The Social Democrats’ party leadership on Monday set a final condition for remaining in the minority government of Andrej Babiš – that his ally President Miloš Zeman appoints their nominee for culture minister. But while urging the prime minister to use his constitutional power to ensure the appointment, the party’s ultimatum did not include a deadline.
Despite their ultimatum, neither have the Social Democrats set a deadline, though their leadership did agree to support chairman Jan Hamáček’s mandate to negotiate whether to remain in government with Andrej Babiš’s ANO party.
The current crisis stems in large part from President Miloš Zeman’s refusal to sack the current culture minister, whom critics accuse of being ineffective, and replace him with the Social Democrats’ choice, Michal Šmarda.
Political scientist Patrik Eichler of the Masaryk Democratic Academy, a think tank associated with the party, says their presidium meeting shows Hamáček enjoys his party’s confidence – whatever lies ahead. And that the premier is keen to preserve the coalition.
“We can see that Andrej Babiš truly wants the government to continue. He went to the presidium of another political party, which is debating his cases, his problems, which are destabilising his premiership. So that’s a huge investment of political capital.
“He will work very hard to get President Miloš Zeman to finally agree to the nomination and appointment of Michal Šmarda as culture minster…I’m not saying it will happen tomorrow! But I think it will happen this summer.”
President Zeman has used ambiguities in the Czech constitution to play an outsized political role from the seat of the traditionally ceremonial post. It’s anybody’s guess how much longer he will delay appointing a new culture minister – though he promised to sack the current one, by July 31.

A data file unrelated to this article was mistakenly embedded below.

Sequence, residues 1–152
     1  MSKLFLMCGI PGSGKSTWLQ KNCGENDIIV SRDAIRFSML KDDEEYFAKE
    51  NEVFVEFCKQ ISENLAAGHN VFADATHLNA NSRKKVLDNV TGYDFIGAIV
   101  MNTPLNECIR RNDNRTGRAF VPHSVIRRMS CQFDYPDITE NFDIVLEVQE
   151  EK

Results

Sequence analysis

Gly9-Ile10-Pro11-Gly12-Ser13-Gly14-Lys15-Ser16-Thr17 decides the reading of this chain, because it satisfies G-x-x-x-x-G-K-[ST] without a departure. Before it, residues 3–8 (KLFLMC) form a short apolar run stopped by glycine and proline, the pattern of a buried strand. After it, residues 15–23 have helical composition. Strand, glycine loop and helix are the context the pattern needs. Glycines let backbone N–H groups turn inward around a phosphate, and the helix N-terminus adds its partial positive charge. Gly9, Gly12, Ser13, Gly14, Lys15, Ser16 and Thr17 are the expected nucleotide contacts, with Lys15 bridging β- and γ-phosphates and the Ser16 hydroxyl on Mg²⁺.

The Social Democrats agreed on Monday to decide on “further steps” at month’s end. By a vote of 37-5, the party presidium on Monday in effect gave Hamáček authority to quit the government, should President Zeman not act on the culture minister issue by then.
But if the culture minister question is settled, how long might peace last within the minority government? Political scientist Patrik Eichler again:
“Until autumn, I think. In September or October, we can expect the results of the audit and decision regarding conflicts of interest of Andrej Babiš as the head of government. And of course there will be intense debate over the state budget, which must be sent to the lower house in October.”
The prime minister is hoping to secure budget finances for increased welfare spending and investment against a backdrop of slowing economic growth and massive protests against his government.
The coalition’s collapse would complicate those efforts, but it would not automatically trigger early elections. And Babiš has said he would try to rule, possibly with the support of the far-right Freedom and Direct Democracy party.
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